Canonical Size for Real-Word Objects in Drawings Performed under Haptic Control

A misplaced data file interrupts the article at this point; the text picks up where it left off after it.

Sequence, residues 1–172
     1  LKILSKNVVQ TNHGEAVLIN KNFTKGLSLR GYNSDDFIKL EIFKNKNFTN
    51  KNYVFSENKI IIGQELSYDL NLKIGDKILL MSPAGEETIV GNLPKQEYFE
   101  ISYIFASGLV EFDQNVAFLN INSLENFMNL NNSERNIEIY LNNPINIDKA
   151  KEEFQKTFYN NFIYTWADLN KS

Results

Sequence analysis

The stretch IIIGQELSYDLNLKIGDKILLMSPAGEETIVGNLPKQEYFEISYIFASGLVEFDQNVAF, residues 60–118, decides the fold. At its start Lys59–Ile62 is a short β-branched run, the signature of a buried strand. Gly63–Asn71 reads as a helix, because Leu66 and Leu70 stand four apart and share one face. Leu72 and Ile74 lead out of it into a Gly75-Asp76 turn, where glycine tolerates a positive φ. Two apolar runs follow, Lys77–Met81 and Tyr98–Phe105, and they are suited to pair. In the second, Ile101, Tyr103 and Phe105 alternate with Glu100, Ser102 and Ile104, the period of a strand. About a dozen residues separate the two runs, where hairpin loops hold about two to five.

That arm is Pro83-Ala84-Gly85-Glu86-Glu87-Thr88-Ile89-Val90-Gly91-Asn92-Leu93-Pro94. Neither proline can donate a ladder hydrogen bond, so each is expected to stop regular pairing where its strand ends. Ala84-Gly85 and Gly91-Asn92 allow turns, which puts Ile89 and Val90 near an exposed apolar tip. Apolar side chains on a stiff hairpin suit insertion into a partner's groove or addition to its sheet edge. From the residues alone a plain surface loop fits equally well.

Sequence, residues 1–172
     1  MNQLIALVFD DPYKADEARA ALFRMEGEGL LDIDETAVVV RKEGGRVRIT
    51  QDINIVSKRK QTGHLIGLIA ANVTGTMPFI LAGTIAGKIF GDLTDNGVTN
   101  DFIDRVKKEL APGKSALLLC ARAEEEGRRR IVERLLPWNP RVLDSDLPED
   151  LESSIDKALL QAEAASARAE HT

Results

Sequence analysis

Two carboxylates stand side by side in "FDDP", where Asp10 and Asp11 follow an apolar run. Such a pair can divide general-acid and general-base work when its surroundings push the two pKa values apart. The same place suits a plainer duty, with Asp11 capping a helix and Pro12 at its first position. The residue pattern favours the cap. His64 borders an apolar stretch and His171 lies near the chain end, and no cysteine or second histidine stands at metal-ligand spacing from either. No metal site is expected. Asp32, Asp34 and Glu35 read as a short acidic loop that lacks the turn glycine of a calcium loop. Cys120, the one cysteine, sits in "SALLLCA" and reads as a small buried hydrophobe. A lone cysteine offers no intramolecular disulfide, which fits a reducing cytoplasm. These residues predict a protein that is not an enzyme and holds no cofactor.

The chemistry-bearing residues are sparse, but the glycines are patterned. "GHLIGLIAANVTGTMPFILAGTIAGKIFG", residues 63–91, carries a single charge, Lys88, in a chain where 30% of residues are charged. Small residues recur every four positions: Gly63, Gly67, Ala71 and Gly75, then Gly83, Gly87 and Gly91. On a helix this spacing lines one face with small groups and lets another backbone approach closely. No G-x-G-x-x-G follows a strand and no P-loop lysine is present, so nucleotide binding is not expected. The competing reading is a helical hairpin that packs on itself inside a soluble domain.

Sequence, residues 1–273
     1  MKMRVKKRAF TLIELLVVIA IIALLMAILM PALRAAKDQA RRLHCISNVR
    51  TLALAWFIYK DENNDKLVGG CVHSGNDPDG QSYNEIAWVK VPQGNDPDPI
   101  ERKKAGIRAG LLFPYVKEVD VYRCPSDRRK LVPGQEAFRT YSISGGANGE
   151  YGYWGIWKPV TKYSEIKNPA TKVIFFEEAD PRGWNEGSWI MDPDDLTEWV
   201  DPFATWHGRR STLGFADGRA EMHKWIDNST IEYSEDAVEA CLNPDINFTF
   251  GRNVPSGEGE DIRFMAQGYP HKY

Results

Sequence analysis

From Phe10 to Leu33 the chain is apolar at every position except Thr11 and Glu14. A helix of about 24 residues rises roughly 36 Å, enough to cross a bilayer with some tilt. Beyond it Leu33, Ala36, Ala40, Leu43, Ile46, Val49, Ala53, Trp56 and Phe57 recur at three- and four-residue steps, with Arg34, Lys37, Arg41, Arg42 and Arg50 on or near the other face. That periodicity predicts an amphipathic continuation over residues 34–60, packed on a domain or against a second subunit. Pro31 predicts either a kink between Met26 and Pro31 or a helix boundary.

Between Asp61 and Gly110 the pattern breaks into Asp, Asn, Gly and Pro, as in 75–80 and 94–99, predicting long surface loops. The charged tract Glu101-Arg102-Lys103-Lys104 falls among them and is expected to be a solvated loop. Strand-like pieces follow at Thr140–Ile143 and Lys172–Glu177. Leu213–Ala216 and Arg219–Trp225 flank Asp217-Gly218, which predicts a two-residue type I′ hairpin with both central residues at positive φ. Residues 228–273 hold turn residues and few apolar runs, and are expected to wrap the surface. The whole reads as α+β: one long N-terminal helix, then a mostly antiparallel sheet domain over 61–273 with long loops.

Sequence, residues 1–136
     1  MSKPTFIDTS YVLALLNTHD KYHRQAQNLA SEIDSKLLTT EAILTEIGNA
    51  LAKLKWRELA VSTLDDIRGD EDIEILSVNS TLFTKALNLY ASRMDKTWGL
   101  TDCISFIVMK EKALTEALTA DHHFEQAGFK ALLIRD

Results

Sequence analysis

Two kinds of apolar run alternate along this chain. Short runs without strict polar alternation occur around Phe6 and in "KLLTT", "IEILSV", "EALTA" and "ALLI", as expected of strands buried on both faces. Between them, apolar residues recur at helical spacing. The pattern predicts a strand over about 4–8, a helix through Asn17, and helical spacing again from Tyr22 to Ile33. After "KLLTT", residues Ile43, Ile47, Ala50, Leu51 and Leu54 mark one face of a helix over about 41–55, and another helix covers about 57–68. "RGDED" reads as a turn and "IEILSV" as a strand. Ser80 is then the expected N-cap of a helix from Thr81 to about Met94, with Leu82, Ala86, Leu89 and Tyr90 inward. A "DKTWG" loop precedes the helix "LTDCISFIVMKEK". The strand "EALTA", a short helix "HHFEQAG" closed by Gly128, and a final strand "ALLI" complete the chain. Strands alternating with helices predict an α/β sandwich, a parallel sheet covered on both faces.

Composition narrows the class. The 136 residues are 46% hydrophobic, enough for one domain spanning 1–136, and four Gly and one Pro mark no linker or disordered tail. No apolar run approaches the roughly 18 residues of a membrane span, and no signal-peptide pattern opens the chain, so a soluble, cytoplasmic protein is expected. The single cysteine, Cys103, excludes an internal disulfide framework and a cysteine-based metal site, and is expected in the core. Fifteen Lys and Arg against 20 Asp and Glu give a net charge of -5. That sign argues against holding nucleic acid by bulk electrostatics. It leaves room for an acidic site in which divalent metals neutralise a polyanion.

To date canonical size for physical objects has been exclusively investigated in the visual domain and termed canonical visual size. As the visual and haptic modalities are interconnected in object processing, we have investigated if canonical size occurs in the tactile domain, namely, in embossed drawings made by sighted adults when blindfolded. 17 participants were asked to draw 16 objects of 8 different ranks of physical size. In the visual domain, they drew on sheets of paper, and in the tactile domain, they drew (when blindfolded) on special plastic sheets for embossed graphics haptically controlling the performance with hands. In both the visual and the tactile domain the size of drawings increased linearly with the logarithm of the physical size of real-world objects indicating occurrence of canonical size effect in both domains. Our findings demonstrated that canonical size is not only visual in character but that it is also revealed in a haptic drawing task. It suggests that spatial images (at least visual and tactile) are shared instead of being unimodal in nature.
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